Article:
“Ding ding ding ding ding,” the doctor said, pressing her index finger to the side of her nose. “You are correct, ma’am.”
“Come on,” Claudia said. “There’s no way a political party could pull off a scam that big. They’re too disorganized. There’s too many moving parts.”
Dr. Goodman leaned in again. “I would show you our orders, but they arrive digitally and we’re required to delete them upon reading. The IT tech even comes around to make sure there’s a permanent delete from the hard drive.”
“We’re to record at least double the previous day’s numbers of SARS cases we’ve seen, regardless of the actual amount. Obviously, as an OB, I’ve seen zero cases. However, my supervisor told me to submit a report of twenty-three cases for yesterday. I suppose that means I’ll be seeing forty-six cases today. That will prove difficult, seeing as you’re the only appointment I have today and you appear to be virus-free.”
“But why would you agree to do it? If it’s not true?”
“When they threaten to take away your license to practice medicine, your whole livelihood, if you don’t obey, you fall into line pretty quickly, I’m ashamed to inform you.”
“I don’t know what to say.”
“Don’t say anything—not here, and especially not once you leave here. I shouldn’t be telling you any of this at all, but I need someone else to know. I’m going crazy. The numbers are crazy. And they’re lying about who’s dying, too.”
“What do you mean?”
“They’re saying children are equally prone to the virus as the elderly, but the truth is that only fifty people, total, under the age of sixty have died to date—only one under age forty-five—and every single one of them had severe medical issues, such as untreated HIV or aplastic anemia.”
“So, basically, we could have just locked down the nursing homes, not the whole world, and nobody would have died?”
“Precisely. But what can you do? When you get down to the heart of things, I work for the government, and Big Brother’s got nothing on Nelly Pelucci.”
“The speaker of the house?”
“She’ll be something more akin to ‘dictator-in-chief,’ if she gets her way. And she’s certainly doing that these days.” Dr. Goodman glanced at her watch. “You’d better get up in the stirrups now so I can do your internal exam. Even if you’re my only scheduled patient, my boss will reprimand me if I spend more than fifteen minutes with you.”
“Nothing like giving every patient plenty of one-on-one attention.”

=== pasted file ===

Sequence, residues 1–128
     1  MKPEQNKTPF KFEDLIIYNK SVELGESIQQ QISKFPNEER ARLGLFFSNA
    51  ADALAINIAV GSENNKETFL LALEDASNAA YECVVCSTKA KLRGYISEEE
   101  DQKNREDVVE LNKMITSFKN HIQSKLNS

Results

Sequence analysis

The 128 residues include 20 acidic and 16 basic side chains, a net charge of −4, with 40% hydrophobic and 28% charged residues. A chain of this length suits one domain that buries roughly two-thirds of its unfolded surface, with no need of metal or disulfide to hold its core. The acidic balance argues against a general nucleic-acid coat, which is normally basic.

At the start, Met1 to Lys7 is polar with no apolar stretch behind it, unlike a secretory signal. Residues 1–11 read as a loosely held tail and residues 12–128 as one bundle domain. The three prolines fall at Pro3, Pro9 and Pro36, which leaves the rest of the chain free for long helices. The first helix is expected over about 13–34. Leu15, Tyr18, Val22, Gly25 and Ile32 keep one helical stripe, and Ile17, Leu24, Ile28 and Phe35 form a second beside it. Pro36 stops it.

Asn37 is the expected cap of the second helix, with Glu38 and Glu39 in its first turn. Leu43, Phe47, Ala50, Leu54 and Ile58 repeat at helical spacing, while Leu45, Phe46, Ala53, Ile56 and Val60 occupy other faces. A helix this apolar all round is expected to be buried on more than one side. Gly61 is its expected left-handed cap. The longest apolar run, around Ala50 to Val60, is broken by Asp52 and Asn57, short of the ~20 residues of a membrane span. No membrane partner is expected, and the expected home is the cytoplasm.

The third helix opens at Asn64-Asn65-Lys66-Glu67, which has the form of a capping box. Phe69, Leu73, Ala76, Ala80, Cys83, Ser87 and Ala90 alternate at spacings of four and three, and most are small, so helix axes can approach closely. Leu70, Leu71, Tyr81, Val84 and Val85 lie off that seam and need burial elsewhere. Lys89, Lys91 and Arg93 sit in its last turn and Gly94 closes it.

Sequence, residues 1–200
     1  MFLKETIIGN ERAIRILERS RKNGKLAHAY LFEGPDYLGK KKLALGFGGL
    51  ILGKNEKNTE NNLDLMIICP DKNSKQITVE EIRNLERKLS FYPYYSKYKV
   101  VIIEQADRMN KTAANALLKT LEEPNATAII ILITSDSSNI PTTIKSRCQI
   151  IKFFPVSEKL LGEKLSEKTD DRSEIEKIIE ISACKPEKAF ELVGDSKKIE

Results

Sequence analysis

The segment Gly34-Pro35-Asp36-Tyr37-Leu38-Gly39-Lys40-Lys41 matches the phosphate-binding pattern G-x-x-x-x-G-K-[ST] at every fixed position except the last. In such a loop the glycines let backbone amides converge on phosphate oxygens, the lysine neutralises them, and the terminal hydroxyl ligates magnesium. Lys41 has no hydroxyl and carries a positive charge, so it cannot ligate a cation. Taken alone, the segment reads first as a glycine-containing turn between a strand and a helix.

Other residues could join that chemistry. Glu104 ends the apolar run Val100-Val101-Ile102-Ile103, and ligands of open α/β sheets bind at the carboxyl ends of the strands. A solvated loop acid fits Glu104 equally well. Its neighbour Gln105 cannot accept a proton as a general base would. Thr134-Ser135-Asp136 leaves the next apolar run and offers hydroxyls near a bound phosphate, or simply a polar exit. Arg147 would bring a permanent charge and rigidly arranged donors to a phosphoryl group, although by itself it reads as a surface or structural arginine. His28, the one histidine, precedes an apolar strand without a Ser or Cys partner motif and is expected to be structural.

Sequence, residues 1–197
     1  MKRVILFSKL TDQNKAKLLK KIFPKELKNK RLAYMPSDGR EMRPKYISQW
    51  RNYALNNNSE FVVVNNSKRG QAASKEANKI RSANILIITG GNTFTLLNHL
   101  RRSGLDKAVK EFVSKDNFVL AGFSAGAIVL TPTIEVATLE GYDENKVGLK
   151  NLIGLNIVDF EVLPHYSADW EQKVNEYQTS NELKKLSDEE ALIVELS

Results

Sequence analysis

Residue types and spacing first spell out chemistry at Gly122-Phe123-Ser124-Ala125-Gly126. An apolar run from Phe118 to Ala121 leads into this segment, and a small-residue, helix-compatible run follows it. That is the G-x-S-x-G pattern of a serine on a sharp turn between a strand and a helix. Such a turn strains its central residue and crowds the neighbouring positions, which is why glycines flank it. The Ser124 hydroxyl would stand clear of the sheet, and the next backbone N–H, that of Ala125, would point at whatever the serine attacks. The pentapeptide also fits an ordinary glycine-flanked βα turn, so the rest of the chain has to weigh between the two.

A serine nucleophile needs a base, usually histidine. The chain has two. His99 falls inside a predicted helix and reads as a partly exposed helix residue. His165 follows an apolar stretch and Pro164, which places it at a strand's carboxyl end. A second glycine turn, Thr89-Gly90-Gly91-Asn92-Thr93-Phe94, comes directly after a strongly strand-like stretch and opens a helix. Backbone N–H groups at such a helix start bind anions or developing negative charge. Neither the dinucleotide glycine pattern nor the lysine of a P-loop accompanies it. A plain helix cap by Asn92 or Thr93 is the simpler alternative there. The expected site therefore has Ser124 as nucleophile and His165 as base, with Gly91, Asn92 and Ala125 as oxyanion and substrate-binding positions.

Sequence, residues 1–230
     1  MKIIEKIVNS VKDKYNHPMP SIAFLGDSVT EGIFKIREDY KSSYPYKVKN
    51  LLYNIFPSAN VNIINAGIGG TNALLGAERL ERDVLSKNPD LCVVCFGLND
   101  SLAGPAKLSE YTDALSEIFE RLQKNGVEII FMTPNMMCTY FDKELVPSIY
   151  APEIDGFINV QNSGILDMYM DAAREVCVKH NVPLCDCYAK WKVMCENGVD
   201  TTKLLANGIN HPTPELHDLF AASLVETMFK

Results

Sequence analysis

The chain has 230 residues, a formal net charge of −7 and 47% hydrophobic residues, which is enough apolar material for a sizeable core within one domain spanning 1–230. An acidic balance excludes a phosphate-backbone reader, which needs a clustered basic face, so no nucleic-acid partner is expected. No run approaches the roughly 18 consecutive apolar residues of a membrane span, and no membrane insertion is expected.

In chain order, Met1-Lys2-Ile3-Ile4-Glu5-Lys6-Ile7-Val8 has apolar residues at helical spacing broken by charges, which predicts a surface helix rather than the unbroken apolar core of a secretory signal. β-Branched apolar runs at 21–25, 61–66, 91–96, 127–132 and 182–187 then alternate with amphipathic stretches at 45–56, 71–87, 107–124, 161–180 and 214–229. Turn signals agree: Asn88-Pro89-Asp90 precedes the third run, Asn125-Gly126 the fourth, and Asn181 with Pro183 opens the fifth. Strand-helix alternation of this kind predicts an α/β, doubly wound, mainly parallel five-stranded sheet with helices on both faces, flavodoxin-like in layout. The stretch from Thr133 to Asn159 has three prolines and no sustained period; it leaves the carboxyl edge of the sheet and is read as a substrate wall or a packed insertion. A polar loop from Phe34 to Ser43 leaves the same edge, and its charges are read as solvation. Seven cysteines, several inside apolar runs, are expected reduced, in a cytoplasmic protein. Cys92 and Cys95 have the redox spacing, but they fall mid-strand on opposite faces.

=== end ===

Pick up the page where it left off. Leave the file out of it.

“Don’t get me started. Now, scooch your butt down here.”
Coughing hard immediately after abdominal surgery hadn’t hurt as much as Dr. Goodman’s probing fingers. The woman must have had razors on her nails, like something out of a horror movie. But when it was over, Dr. Goodman said, “Looks perfect. Of course, it has been months now. Pregnant women wait for no one. But I’m pleased to report that I can officially clear you for exercise.”
“That’s great,” Claudia said. “I think I’ve gained fifteen pounds since all this started. I need to start running again and burn some of it off.”
“You’re good to run. Oh, and you can have sex again, too.”
Claudia barked out a laugh. “Like that’s going to happen anytime soon.”
“Well, in the event that it does, you’ll be ready. Make an appointment for a mammogram—you’re overdue, and besides, better safe than sorry when your body’s growing unusual masses.”
“The imaging center’s taking appointments?”
“Oh. No. They’re not—not for nonemergent patients. But put it on your calendar to do when the quarantine lifts.”
“When might that be?”
“Just between you and me, we’ve been instructed to plan for at least another six months, so right in time for the new president—whoever it is—to be sworn in. It’s a fantastic strategy for the Democrats to pull off a victory. No one will choose to vote for the president who ‘let’ the economy stand still for most of a year.”
“You really think that’s what’s happening?”
The doctor took another furtive look around the room and said softly, “I know it is.”
She patted Claudia’s hand and moved to the door. “Stay safe,” she said. “And don’t forget: You didn’t hear any of this from me.”
End of Part 2. Part 3 will appear in the Winter Issue of Blydyn Square Review.